There's no denying 2012 has been a fruitful year for Linux distributions in general, but something about it has also seemed to favor the rebirth of distros we hadn't heard from in years.
Two cases in point: Back in August we saw the widely celebrated return of Damn Small Linux after four years of silence, and just this week another very similar event happened.
Specifically, following three years without any new releases, Slax Linux on Monday graduated to version 7.0.
"I'm happy to announce the final release of Slax version 7.0, code name Green Horn," reads the official announcement on the Slax website. "After more than three years of silence, Slax is back in action and is better than ever before."
A 210 MB download
For those who aren't familiar with it already, Slax is a bootable CD based on Slackware Linux but with a wide variety of preinstalled software and a graphical user interface as well as recovery tools for systems administrators.
Version 7.0 includes the newest Linux kernel along with the KDE4 desktop, the GCC compiler, and "lots of other stuff," all in a download that's just 210MB or so in size.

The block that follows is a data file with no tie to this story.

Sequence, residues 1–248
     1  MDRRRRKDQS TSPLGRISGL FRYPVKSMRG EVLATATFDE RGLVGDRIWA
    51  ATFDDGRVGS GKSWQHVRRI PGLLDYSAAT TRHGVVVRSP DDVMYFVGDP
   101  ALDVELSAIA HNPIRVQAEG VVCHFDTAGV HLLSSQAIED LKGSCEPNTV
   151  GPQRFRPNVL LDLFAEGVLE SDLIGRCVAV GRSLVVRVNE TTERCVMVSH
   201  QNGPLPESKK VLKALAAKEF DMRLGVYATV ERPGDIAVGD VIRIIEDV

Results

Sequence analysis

Slax is also available in more than 50 languages and includes translations, keyboard mappings, fonts, and system settings for each localization.
Not only that, but its modular approach "gives you the ability to include any other software in Slax easily," the software's developers explain. "If you're missing your favorite text editor, networking tool, or game, simply download a module with the software and copy it to Slax, no need to install, no need to configure."
A preinstalled USB for $25
Slax 7.0 is now available as a free download. In addition, however, you can order a 16GB flash drive with Slax preinstalled for $25.
There's also Puppy Linux and Damn Small Linux, of course. But if you have some older hardware you'd like to revive, this could be a nice option to try out.
This story, "After three years, Slax Linux is reborn with version 7.0" was originally published by PCWorld.